"Look again at that dot. That's here. That's home. That's us. On it everyone you love, everyone you know, everyone you ever heard of, every human being who ever was, lived out their lives. The aggregate of our joy and suffering, thousands of confident religions, ideologies, and economic doctrines, every hunter and forager, every hero and coward, every creator and destroyer of civilization, every king and peasant, every young couple in love, every mother and father, hopeful child, inventor and explorer, every teacher of morals, every corrupt politician, every "superstar," every "supreme leader," every saint and sinner in the history of our species lived there-on a mote of dust suspended in a sunbeam.The Earth is a very small stage in a vast cosmic arena. Think of the endless cruelties visited by the inhabitants of one corner of this pixel on the scarcely distinguishable inhabitants of some other corner, how frequent their misunderstandings, how eager they are to kill one another, how fervent their hatreds. Think of the rivers of blood spilled by all those generals and emperors so that, in glory and triumph, they could become the momentary masters of a fraction of a dot.Our posturing, our imagined self-importance, the delusion that we have some privileged position in the Universe, are challenged by this point of pale light. Our planet is a lonely speck in the great enveloping cosmic dark. In our obscurity, in all this vastness, there is no hint that help will come from elsewhere to save us from ourselves.The Earth is the only world known so far to harbor life. There is nowhere else, at least in the near future, to which our species could migrate. Visit, yes. Settle, not yet. Like it or not, for the moment the Earth is where we make our stand.It has been said that astronomy is a humbling and character-building experience. There is perhaps no better demonstration of the folly of human conceits than this distant image of our tiny world. To me, it underscores our responsibility to deal more kindly with one another, and to preserve and cherish the pale blue dot, the only home we've ever known." – January 25, 2010.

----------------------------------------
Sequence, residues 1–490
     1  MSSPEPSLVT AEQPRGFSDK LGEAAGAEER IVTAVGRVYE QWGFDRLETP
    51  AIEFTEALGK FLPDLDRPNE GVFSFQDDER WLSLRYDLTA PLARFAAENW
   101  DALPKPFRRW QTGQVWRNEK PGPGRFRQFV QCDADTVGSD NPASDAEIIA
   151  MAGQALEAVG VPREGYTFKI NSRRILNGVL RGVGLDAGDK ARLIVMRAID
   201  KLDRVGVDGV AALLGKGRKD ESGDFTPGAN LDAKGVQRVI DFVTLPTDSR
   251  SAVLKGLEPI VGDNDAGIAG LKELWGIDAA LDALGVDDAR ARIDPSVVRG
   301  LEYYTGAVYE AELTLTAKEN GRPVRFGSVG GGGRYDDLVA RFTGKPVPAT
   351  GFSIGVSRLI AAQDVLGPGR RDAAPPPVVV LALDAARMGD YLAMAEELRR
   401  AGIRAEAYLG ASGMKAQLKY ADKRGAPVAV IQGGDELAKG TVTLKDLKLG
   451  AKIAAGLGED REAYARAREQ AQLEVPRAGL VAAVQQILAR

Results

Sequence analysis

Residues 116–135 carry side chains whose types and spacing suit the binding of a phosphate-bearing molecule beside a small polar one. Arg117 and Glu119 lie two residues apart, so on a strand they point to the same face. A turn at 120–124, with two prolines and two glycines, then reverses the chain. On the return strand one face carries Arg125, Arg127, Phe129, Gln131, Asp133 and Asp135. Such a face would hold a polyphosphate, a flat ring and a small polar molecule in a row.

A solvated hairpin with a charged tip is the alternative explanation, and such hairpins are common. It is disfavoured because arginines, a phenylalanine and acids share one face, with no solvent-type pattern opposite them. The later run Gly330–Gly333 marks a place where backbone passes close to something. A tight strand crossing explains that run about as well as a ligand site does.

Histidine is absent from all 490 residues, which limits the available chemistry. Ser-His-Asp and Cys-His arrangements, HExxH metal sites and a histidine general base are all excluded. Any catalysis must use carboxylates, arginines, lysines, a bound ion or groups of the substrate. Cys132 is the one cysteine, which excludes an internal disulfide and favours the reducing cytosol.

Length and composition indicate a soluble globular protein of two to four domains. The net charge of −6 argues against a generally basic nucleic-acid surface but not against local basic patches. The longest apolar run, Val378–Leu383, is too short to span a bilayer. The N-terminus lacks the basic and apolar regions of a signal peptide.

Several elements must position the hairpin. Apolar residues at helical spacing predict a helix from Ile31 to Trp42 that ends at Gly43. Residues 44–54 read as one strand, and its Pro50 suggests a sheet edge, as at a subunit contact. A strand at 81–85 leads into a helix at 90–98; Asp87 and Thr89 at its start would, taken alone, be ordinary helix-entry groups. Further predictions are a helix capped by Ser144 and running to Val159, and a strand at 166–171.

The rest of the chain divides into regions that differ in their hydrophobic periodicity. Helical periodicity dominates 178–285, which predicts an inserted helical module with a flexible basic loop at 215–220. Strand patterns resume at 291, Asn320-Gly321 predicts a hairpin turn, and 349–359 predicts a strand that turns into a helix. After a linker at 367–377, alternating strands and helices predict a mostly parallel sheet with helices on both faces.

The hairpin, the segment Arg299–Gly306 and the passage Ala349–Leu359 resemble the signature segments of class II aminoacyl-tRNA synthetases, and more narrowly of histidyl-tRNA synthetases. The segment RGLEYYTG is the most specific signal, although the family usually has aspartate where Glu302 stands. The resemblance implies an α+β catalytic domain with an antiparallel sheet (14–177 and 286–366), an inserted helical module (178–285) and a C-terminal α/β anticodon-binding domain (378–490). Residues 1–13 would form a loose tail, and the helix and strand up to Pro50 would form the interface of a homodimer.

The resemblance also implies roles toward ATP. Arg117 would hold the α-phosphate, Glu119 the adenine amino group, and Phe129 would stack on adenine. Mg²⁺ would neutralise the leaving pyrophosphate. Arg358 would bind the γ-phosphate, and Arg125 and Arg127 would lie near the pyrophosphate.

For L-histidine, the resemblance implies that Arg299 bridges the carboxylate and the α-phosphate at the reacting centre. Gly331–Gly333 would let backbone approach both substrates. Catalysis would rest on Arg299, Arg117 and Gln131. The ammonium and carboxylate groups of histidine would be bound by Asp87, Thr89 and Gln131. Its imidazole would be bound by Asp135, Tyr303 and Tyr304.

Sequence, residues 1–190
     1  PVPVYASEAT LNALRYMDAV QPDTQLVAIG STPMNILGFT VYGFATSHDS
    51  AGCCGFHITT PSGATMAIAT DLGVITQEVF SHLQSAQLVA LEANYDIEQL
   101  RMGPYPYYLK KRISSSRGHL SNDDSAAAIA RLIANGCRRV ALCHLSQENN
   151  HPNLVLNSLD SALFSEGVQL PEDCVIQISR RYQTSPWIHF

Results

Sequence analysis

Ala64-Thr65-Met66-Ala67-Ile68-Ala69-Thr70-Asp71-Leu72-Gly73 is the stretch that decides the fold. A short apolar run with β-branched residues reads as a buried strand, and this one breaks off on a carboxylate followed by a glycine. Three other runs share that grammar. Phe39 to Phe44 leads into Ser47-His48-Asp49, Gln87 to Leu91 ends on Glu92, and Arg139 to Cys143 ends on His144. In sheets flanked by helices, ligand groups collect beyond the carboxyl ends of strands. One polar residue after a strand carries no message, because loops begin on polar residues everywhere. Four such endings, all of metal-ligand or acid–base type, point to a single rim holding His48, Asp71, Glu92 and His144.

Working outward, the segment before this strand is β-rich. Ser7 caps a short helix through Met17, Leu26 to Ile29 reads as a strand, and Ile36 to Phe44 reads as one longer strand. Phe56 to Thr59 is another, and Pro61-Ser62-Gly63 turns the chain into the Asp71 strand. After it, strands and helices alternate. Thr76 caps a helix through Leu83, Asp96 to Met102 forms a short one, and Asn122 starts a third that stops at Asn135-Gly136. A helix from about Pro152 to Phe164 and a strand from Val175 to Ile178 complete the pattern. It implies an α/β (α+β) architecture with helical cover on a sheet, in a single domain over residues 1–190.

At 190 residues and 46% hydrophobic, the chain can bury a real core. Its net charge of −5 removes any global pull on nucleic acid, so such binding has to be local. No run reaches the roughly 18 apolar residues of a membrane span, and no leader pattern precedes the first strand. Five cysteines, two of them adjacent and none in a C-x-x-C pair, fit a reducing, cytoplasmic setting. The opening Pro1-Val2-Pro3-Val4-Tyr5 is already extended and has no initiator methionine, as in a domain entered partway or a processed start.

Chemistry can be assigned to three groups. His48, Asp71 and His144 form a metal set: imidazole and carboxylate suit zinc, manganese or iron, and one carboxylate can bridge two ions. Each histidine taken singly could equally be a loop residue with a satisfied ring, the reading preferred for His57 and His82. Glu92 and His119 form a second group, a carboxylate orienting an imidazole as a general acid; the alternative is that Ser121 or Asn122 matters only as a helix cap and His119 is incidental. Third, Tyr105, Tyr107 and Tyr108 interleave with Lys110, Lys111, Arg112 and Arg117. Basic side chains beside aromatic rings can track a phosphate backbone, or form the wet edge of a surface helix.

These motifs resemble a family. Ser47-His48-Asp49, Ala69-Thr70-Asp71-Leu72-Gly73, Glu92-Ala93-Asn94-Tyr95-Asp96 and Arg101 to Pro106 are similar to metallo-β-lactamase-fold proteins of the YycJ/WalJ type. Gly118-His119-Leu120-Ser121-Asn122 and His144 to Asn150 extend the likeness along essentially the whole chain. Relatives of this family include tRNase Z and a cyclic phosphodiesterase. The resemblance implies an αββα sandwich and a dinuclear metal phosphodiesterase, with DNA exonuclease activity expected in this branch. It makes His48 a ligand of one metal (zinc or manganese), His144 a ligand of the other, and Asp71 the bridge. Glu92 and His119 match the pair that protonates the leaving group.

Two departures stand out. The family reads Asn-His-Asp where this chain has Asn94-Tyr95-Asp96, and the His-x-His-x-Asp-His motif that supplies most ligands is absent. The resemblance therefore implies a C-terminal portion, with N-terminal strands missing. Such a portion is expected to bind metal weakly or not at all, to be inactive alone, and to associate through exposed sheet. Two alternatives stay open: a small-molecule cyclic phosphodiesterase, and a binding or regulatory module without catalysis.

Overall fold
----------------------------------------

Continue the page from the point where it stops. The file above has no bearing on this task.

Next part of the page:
It is truly humbling to know our Earth is an ignoble inconspicuous speck of dust seen from the far off universe. But to realize that it is only we (as far as we presently know) who were privileged to turn matter into life and then into consciousness, making the universe of matter conscious of itself, is such an incredible and soul uplifting thought we are filled with gratitude. And we are moved with wonder contemplating the human trajectory aiming at the divinization of matter. It is this glorious Finale of matter that the bodily Resurrection of Jesus confirms in faith on Easter Sunday. It is the ultimate Glorification of the primodial humble matter of the universe.